January and the Trump rally

The first couple of weeks in January are usually bad ones for stocks.  Taxable investors typically start their annual portfolio revamping by selling their losers near yearend but they tend to nurse their winners into the following tax year.  From the first trading day in January on, they aggressively prune or jettison profitable positions they no longer think will outperform.

As a result, stocks usually go down in early January.

(An aside:  December losers, especially small caps selling for below $5 a share, tend to bounce back sharply from late-year lows in January.  This is called the “January effect.”  I don’t think it will play an important role this year.)

Not so, so far in 2017.  Instead, the upward movement in the S&P 500 triggered by the surprise election of Donald Trump as president has continued.

Two key differences between today and the last two months of 2016:

–the US$ has, at least for the moment, stopped rising, and

–the market seems to be rotating away from putative Trump administration beneficiaries into left-behind sectors like IT and REITs.

What does this mean?

I think it says that the initial rally on the anticipation of possible pluses from an end to dysfunction in Washington–corporate tax reform, infrastructure spending, and a more normal monetary policy–is getting long in the tooth.  Yes, economic growth appears to be accelerating and consumer confidence is rising.  But potential winners from a Trump administration have advanced by, let’s say, 20% since the election, while more defensive issues have fallen.

Investors are shifting from being driven by concept to being motivated by valuation.  They think, correctly in my view, that the leaders are looking a bit pricey and laggards are looking like relative bargains.  So they’re moving from the first group to the second.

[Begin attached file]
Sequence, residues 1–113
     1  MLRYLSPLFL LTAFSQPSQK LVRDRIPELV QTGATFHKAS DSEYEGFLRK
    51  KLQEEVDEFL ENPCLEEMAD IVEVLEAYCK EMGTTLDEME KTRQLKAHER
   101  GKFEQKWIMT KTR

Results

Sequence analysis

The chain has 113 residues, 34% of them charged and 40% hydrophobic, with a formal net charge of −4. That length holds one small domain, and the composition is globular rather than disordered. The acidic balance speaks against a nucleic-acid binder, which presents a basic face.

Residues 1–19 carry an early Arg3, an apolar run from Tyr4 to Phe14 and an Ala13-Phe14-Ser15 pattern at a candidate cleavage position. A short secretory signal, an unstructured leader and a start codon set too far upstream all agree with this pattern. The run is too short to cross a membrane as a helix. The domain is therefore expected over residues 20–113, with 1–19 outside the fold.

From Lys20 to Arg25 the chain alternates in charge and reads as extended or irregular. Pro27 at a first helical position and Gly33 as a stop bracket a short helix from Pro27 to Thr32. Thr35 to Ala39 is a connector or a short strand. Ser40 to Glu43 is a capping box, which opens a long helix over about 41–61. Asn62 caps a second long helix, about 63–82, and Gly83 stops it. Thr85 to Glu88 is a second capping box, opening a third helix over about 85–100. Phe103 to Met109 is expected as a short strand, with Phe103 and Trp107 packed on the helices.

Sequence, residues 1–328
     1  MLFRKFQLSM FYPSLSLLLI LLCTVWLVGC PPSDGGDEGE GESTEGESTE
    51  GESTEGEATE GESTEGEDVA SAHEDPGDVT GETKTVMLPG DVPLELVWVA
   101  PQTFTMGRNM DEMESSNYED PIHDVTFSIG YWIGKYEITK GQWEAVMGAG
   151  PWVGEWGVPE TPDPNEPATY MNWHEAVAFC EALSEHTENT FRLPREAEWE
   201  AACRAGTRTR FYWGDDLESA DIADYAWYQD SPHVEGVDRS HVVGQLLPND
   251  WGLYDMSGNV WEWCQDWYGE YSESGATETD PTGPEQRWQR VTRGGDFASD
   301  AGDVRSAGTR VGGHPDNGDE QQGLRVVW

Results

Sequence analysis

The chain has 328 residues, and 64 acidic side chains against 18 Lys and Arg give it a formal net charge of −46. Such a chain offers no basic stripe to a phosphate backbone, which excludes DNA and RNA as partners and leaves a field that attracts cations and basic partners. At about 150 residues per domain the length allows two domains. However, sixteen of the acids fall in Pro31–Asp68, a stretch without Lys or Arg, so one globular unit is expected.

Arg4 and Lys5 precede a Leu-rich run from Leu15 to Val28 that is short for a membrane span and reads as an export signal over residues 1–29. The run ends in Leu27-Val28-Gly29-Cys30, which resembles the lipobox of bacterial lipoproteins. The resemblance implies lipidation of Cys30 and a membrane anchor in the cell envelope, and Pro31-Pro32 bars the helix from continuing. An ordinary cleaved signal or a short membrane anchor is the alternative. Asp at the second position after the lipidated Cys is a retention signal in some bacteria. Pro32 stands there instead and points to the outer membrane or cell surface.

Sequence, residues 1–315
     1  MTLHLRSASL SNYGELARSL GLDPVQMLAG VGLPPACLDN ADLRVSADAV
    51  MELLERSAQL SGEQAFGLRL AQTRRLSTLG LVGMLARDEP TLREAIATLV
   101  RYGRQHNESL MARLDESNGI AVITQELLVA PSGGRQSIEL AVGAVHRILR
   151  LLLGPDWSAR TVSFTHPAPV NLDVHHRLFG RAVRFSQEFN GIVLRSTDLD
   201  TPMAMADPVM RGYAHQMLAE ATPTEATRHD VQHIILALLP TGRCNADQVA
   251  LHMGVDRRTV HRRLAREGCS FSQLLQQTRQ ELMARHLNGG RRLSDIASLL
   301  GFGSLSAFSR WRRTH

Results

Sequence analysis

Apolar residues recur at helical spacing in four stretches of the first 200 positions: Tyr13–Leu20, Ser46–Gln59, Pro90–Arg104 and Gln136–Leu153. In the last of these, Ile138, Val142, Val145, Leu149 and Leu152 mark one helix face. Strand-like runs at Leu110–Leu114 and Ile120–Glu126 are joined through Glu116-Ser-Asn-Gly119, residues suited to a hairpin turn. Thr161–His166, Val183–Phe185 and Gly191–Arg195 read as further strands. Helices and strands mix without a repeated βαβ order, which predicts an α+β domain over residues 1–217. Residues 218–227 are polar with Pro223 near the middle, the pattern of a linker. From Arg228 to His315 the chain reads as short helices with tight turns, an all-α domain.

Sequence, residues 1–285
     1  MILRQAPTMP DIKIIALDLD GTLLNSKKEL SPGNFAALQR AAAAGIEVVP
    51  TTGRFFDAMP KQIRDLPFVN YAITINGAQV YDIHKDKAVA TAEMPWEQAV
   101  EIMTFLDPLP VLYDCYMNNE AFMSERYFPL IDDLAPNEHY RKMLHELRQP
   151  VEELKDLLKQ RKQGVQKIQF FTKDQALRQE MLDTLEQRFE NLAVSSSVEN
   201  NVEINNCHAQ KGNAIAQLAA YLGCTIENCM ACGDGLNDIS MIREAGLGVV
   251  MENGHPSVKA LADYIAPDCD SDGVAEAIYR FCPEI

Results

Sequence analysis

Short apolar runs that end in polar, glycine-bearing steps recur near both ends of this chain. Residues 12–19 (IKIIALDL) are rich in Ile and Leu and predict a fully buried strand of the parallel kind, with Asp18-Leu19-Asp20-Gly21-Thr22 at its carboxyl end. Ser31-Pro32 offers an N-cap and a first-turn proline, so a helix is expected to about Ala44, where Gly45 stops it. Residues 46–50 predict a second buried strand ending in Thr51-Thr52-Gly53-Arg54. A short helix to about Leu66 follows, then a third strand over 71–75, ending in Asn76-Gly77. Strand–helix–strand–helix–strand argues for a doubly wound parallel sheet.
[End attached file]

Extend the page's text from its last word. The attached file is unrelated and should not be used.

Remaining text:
What happens next?

Absent new information, or new inflows of money to equity managers, the market is likely to stall and then sag a little.   The most important factor here is the consensus expectation that the S&P 500 is likely to rise by about 5% for the year as a whole–which would imply there’s severely limited upside, at least until we get further concrete information about the economy or about Congress.

My guess is that the next major move is up.  If so, it will be triggered either by surprisingly good economic data or by bold action to stimulate the economy from Congress.  We should be watching carefully for either.

In the meantime, we can deepen our analysis of Trump beneficiaries, especially, I think, in the Energy sector.  My sense is, day traders aside, there’s no reason to sell (of course, I’m bullish by disposition, so this is my default position).





the January effect

Mutual funds and ETFs typically have an operating year that ends on Halloween.  They do their year-end tax selling in September and October.

Other taxable investors, like insurance companies and you and me, have tax years that end on New Years Eve.  So  we all do our year-end tax selling in December.  We sell stocks we have losses in.

Smaller-cap, low share price, limited liquidity speculative stocks, which are mostly the domain of retail investors, are particularly hard hit during December.  Part of this is the volume of selling; part is marketmakers who are loathe to take on inventory and who can sense anxious sellers, dramatically lower their offers.

what it is

Just as there’s most often a November stock market rebound from mutual fund/ETF selling, there’s also typically a January rebound from December tax selling.  This is the January effect.

It has two parts:

–the losers from the prior December rebound.  Again, this is partly that new buyers appear, attracted by now-lower prices, partly that marketmakers respond by raising their bids.  Low share price speculative stocks normally lead the parade.

–investors of all stripes tend to defer sales of stocks where they have gains until the new calendar year rolls around.  This is also income tax-related.  If for no other reason than some investors want to trim the size of their winning positions, the prior year’s big gainers typically open the year poorly.

how long it lasts

The January effect usually lasts about two weeks;  some years, however, it goes on for most of the month.

this January?

This January my guess is that energy stocks, which have sold off heavily throughout 2015, will show at least a temporary rebound.  My worry about them, other than that current financials aren’t yet available, is that the seasonal low point for demand is still ahead of us.  That’s normally in late January-early February.

It may also be that the stars of 2015, like Amazon and Netflix, will take a step backward.

It will be interesting to observe how the new month starts out.